[Software engineer Chengzhen Dai] and his advisor, designer and engineer Carlo Ratti, teamed up with population geneticist Alicia Martin of the Broad Institute and other colleagues to test their hypothesis [that geography has played a major role in how ancestry and admixture occurs] using data from National Geographic’s Genographic Project, a now-discontinued effort to sequence genomes from around the world to track migration patterns.
Focusing on the genomes of 32,589 participants who’d provided a postal code, the team compared single-nucleotide polymorphisms (SNPs) in those genomes with the SNPs present in reference genomes curated by the 1000 Genomes Project, a UK-based initiative that compiled genomic data on 2,504 people representing 26 populations worldwide.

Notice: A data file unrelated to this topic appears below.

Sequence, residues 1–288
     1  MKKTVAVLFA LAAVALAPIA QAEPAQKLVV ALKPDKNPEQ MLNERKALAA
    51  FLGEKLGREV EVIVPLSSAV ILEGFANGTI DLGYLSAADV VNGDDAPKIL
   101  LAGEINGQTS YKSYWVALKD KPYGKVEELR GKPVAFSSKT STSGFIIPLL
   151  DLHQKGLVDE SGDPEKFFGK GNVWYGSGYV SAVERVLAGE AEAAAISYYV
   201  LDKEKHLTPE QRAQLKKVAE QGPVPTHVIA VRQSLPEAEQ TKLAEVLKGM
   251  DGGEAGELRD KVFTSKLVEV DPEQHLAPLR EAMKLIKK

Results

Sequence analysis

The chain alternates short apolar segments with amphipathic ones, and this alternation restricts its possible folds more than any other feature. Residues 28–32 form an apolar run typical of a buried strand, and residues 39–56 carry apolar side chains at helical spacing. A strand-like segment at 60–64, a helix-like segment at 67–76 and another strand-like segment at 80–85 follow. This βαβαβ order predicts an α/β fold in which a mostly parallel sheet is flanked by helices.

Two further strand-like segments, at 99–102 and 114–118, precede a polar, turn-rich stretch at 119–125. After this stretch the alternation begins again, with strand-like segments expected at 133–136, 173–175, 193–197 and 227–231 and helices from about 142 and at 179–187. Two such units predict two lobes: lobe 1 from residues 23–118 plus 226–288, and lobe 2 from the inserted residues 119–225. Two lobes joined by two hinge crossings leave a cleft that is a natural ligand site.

As Dai and his colleagues had predicted, genetic relatedness turned out to correlate with geography, although the drivers of that relationship seemed to vary among demographic groups. Among African-Americans, for example, there was broad genetic relatedness among people living along the East Coast, from Florida to Maine, indicating frequent migration within that area. But the researchers also found evidence of reduced migration through certain regions. Overall, the authors write, the patterns they found are consistent with movement trends during the Great Migration of the early- to mid-20th century, in which millions of African-Americans left the South for cities in other areas of the country.